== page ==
Was first shown as a work in progress at the Hidden Door Festival, In Between Space, The State Cinema
The show was presented hourly from 2 pm to 9pm and, though suitable suitable for 8s to adult – it enjoyed success with mainly adult audiences.
- This has an enormous amount of potential . Many interesting issues presented and performed in an engaging and visually attractive way.
- I [name given] liked everything on display, thank you
- I liked the materials used to create the piece. Reminded me of the film Coraline.
- Use the carpet shapes more! Also, wanna see those ravens!
- Loved it! Fluidity of movement was fantastic! Beautiful!
- Very beautiful and atmospheric installation.
- Loved the light!! And I liked the felt landscape.
- Loved the colourful felt landscape, the puppet, iceblock, story sound, light, words, and performance. Well done – very engrossing.
- Love the intimacy and directness of the performance.
- Really liked the puppet and felt landscape.
- Great carpet exploration and love the north star 🙂
- Very evocative and imaginative piece.
- Was really drawn in when puppet appears … just want to know how it ends!
Images from Hidden Door 2018
The Keeper draws inspiration from a Grimms’ fairy tale, The Seven Ravens, and is aimed at adult and family audiences with a lower age of 8 years (parental discretion for children younger than that threshold). It is a performance/installation with puppetry, live image capture, processing and display; projection, needle felting, and specially composed music and song.
The Keeper is a creature who guards the Glass Mountain. In the traditional version of this Grimms’ fairy tale, he is a rather friendly gnome. This project involved the creation of a non-human marionette or puppet who guards the glass mountain and which contained a Raspberry Pi computer, a Pi camera and a small screen. It was programmed to steal, in real time, the images of all it encountered and to store them in the glass mountain.
The design and creation of this creature for Hidden Door 2018 explored how the function of housing the microcomputer and its camera might influence the design of the final form of the marionette/puppet. It also explored how to make the creature move, interact with other puppets and people (audience members) it meets. The sole desire of The Keeper is to capture the images of all it encounters – and to keep them within the walls of the Glass Mountain forever. Puppetry is important to the realisation of this character because he is not of our world, he is formed, shaped by what he needs to be – a collector of images.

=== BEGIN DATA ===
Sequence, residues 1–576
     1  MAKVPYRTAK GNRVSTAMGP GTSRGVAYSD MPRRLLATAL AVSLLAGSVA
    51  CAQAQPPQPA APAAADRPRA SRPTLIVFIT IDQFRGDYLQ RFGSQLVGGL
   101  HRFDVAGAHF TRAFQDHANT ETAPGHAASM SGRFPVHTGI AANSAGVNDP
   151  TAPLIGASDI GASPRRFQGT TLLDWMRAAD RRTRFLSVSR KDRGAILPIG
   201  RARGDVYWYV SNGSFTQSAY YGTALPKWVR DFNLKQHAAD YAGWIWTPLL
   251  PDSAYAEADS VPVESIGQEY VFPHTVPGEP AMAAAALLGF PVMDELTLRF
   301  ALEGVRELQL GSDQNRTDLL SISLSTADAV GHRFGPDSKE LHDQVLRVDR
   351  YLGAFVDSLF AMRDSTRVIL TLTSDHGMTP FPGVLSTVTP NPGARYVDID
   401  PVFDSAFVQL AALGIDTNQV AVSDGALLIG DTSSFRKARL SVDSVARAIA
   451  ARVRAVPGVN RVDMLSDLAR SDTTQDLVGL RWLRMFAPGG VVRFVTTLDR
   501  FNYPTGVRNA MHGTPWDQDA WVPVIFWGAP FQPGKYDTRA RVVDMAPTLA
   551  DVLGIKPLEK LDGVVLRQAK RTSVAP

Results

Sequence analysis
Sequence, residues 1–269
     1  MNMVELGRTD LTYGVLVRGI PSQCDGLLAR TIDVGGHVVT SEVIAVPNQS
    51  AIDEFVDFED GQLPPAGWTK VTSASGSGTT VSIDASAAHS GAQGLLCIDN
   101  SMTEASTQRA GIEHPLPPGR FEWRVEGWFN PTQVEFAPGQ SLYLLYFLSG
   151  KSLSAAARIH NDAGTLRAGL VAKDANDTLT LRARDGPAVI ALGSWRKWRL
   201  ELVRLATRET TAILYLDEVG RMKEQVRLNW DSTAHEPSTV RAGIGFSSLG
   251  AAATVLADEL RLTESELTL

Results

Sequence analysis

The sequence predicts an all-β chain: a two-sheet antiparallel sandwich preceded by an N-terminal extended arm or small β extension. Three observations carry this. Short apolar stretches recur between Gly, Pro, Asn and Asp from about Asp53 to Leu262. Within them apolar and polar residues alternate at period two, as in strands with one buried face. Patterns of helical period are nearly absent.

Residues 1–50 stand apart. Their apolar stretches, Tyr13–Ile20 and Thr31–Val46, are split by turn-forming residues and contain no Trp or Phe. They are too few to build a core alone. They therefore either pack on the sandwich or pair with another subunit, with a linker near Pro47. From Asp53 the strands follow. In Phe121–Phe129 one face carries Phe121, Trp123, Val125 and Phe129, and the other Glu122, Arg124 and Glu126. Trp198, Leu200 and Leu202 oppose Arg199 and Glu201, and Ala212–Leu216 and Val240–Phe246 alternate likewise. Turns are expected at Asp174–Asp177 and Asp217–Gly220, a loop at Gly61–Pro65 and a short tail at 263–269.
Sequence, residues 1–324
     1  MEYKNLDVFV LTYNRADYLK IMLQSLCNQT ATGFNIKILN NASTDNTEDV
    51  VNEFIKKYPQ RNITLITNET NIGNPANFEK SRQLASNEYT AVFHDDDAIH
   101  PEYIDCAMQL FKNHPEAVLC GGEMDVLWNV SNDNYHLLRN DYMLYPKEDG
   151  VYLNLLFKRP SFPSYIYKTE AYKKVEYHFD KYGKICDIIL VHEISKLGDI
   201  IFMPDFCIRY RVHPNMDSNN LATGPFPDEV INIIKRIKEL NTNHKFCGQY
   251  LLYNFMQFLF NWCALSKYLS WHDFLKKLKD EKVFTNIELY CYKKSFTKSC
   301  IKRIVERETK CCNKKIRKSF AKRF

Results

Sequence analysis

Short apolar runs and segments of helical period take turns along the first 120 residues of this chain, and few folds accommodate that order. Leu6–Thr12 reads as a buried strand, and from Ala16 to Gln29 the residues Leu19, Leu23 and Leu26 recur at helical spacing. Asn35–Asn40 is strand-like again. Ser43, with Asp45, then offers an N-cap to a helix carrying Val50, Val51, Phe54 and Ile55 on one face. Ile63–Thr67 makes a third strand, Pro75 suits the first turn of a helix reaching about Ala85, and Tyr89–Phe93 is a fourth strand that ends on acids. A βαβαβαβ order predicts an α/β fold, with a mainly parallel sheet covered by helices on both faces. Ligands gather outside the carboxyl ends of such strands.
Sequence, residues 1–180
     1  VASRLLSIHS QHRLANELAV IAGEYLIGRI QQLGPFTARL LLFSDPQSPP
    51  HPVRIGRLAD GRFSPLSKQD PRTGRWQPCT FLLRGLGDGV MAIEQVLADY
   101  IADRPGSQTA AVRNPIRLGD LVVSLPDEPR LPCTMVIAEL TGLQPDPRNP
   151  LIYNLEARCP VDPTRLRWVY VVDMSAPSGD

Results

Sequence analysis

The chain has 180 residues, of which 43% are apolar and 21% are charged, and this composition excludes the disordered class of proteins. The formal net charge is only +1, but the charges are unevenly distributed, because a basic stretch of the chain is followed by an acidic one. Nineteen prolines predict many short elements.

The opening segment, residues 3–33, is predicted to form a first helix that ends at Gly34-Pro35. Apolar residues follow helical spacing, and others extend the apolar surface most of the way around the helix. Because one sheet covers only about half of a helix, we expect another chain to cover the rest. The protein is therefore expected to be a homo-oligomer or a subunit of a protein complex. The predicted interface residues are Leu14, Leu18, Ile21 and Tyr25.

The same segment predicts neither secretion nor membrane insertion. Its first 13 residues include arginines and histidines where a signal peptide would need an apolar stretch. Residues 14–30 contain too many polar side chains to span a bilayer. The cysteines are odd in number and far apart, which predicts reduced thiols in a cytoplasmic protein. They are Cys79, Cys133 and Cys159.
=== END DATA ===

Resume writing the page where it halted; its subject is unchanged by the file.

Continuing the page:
There is an obvious connection to be made between The Keeper and his Glass Mountain and social media, online identity theft, and the digital rights of children and adults; this is not an oversight or happenstance. The setting for The Keeper and his mountain will be within an updated Grimms’ fairy tale world of digital exploration, exploitation and experimentation.
The installation element of this stage of the work involved creating the glass mountain in which images were ‘stored’ and displayed, creating some of the artefacts and environments of the future play, exploring some modern day parallels to the original story and working out how these might fit into and inform a narrative, exploring some of the data around young people’s use of digital products, issues around safety and the checks, balances and measures they use for personal safety online.
Why This Story?
The inspiration for The Keeper came from several sources. The primary one is the story itself – a strong female hero who rescues her seven brothers turns the usual fairytale fodder of ‘damsel in distress’ on its head. The Keeper character is a simple and age appropriate exploration of the issue of sharing images online without realising that once they are posted control is lost.
Tragic Carpet has plans, to seek funding to develop a production of The Keeper set in the modern day, having as its lead puppet a young woman who sets off on a quest to find and save her brothers who are being kept in the Glass Mountain, and who will use her STEM knowledge and experience to help her on her quest.
It will be suitable for primary school aged children and their families and will tour to festivals, museums and galleries and arts venues. It will address the issue of gender balance in the digital and other STEM industries, will present a strong digitally competent female lead character, and will have as one of its themes the exploration of online identity and keeping safe. We are looking for partners.
Freda O’Byrne – lead artist
Kim Edgar – composer, musician, singer
Elspeth Chapman – designer and puppeteer
Pete Searle – production manager, lighting designer
Rikki Guy – Creative Developer
Needle Felting Helpers
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